Tony Thorton (far right) is seen here in 1989 at Melbourne’s Calder Park presenting funny car racer, Romeo Capitano (centre) with the five second trophy while Calder Park (and now Willowbank) general manager, Steve Bettes watches on.

One thing that ANDRA must do is accommodate current technologies. Not in the “traditional” areas because we still deliver some of the most spectacular racecars in motor sport with those, but rather in areas that will attract younger people to the sport - as competitors or fans. Again, the import car culture is different but the sport must embrace that. Not everyone loves to spend two or three days watching drag racing and the show should be reconfigured to maximise the entertainment component, while maintaining the challenges for the racers.

: As an extension of that we currently have the world’s quickest and fastest rotary and knocking on the door for turbo import engines too – Australia is a hot bed of performance really. Taking that one step further some of the competitors in regular ANDRA drag racing classes have run world record times and speeds especially in the Top Doorslammer bracket. Also in Top Fuel we have run within a tenth of the world’s quickest Top Fuel quarter-mile times and around about the same speeds.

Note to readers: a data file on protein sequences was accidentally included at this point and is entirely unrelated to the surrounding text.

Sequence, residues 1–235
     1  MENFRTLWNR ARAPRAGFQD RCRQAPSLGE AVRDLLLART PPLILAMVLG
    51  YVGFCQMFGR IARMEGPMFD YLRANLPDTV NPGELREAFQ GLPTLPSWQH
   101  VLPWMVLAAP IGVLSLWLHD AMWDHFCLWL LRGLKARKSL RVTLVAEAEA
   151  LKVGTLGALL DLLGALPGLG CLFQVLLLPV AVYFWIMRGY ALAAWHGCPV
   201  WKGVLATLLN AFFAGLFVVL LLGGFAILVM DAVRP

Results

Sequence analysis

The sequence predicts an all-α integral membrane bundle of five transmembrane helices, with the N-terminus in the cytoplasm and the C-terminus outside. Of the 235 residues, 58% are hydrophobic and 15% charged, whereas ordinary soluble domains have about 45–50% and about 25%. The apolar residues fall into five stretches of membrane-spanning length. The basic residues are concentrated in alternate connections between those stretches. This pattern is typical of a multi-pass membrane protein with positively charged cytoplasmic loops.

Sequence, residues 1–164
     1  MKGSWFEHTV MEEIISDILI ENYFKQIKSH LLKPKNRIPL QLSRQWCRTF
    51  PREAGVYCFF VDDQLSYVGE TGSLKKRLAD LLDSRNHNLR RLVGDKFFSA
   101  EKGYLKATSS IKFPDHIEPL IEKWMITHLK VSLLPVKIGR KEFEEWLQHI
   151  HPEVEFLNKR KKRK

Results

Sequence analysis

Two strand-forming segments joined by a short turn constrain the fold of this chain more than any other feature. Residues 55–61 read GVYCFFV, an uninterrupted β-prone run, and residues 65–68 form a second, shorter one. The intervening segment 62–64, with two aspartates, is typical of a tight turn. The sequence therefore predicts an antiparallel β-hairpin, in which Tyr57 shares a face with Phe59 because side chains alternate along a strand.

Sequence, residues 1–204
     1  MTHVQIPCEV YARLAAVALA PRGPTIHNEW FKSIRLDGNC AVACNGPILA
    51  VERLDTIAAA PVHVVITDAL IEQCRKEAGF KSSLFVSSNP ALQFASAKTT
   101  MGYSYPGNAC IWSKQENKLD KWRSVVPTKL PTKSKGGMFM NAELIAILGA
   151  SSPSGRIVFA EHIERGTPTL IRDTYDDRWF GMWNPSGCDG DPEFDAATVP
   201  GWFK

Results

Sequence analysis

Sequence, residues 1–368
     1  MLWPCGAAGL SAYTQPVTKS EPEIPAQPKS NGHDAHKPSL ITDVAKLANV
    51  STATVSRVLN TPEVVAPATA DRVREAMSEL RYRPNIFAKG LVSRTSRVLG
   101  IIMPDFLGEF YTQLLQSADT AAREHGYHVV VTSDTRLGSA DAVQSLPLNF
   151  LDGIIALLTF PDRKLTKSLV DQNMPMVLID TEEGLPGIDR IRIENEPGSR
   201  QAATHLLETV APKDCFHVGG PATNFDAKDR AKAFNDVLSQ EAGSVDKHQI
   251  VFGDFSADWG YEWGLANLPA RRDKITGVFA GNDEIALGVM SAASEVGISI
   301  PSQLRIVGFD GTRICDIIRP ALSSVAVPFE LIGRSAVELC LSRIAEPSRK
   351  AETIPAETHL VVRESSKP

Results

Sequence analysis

TT: I have always been impressed by the ability of Australian racers to deliver world-class performances. Given the distance we are from many suppliers and the increased costs and while things have got a little easier on that front lately (the Australian Dollar is now worth more than the Greenback – Ed)  – the results are staggering.

: Further on from this, probably a lot of our American readers are wondering why ANDRA didn’t follow NHRA and most of the European tracks in reducing the length of the racing surface for the fuel classes down to the 1000-foot strip length?

TT: Our three major tracks have adequate braking distances and very good emergency gravel traps and catch net devices. Moving to the shorter distance creates difficulties for other classes with varying levels of track preparation required. At this stage Australia is able to continue with the common distance but things like the availability of equipment and technology will dictate how that goes in the future.